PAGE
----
Two human beings verbally compare the Short Authentication String, drawing the human brain directly into the protocol. And this is a Good Thing.
The Diffie-Hellman key exchange by itself does not provide protection against man-in-the-middle (MiTM) attacks. To authenticate the key exchange, ZRTP uses a Short Authentication String (SAS), which is essentially a cryptographic hash of the two Diffie-Hellman values. The SAS value is rendered to both ZRTP endpoints. To carry out authentication, this SAS value is read aloud to the communication partner over the voice connection. If the values on both ends do not match, it indicates the presence of a man-in-middle attack. If they do match, there is a high probability that no man-in-the-middle is present. The use of hash commitment in the DH exchange constrains the attacker to only one guess to generate the correct SAS in his attack, which means the SAS can be quite short. A 16-bit SAS, for example, provides the attacker only one chance out of 65536 of not being detected.
ZRTP provides a second layer of authentication against a MiTM attack, based on a form of key continuity. It does this by caching some hashed shared key material to use in the next call, to be mixed in with the next call’s DH shared secret, giving it key continuity properties analogous to SSH. If the MiTM is not present in the first call, he is locked out of subsequent calls. Thus, even if the SAS is never used, most MiTM attacks are stopped, because they weren’t present in the first call. ZRTP’s key continuity features have some self-healing properties that are better than the SSH approach.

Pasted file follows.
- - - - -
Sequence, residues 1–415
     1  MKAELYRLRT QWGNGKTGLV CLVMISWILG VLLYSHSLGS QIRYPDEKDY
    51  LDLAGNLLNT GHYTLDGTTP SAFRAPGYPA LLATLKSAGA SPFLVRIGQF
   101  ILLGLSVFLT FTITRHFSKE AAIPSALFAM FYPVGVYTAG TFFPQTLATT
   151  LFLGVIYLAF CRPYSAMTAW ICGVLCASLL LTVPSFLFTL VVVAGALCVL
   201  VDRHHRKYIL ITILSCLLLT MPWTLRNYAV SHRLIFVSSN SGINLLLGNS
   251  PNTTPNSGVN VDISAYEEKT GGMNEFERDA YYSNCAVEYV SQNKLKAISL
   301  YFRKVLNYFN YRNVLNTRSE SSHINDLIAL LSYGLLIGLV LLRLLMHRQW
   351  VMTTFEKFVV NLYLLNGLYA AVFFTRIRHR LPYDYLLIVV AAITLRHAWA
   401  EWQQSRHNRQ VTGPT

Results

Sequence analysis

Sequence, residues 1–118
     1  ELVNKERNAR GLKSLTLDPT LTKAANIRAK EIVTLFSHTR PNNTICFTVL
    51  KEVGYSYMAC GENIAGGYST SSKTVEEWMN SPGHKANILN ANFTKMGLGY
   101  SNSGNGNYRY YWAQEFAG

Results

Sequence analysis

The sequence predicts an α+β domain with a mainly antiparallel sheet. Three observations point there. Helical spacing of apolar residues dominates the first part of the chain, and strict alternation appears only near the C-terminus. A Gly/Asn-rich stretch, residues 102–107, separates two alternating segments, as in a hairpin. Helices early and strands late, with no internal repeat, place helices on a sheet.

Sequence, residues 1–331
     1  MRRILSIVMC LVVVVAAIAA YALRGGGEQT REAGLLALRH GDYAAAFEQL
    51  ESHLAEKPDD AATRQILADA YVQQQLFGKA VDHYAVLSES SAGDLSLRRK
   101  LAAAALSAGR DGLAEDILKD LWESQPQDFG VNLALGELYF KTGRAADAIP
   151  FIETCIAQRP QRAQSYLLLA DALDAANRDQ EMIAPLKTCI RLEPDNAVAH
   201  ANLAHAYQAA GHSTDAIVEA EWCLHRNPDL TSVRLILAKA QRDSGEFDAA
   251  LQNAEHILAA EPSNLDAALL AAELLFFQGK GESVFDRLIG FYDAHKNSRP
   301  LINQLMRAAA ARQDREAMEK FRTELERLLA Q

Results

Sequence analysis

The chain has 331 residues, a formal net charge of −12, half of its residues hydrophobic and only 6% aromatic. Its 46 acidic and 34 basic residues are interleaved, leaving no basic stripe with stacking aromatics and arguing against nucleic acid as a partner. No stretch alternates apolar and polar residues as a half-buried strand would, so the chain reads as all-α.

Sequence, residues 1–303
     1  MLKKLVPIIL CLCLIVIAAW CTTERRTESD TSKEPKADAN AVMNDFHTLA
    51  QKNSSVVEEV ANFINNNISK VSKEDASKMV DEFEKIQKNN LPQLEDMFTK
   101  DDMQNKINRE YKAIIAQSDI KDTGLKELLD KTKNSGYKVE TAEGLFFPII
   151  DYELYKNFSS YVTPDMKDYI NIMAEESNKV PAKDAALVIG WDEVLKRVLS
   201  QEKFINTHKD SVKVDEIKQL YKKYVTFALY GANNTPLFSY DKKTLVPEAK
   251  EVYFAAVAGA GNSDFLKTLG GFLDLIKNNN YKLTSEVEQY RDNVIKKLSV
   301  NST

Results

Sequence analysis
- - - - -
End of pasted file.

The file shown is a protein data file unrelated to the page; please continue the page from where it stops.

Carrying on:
ZRTP provides yet a third layer of protection against a MiTM attack. The IETF plans to add integrity protection to the delivery of SIP information, and that integrity protection will rely on a PKI. When this eventually deploys, ZRTP can take advantage of this. See RFC 6189 on how ZRTP can leverage an integrity-protected SIP layer to provide integrity protection for ZRTP’s Diffie-Hellman exchange in the media layer. This protects against a MiTM attack, without requiring the users to verbally compare the SAS. However, no VoIP clients yet offer a fully implemented SIP stack that provides end-to-end integrity protection for the delivery of SIP information. Thus, real-world implementations of ZRTP endpoints will continue to depend on SAS authentication for quite some time. Even after there is widespread availability of SIP products that offer integrity protection, many users will still be faced with the fact that the signaling path may be controlled by institutions that do not have the best interests of the end user in mind. In those cases, ZRTP’s built-in SAS authentication will remain the gold standard for the prudent user. That, plus the key continuity features.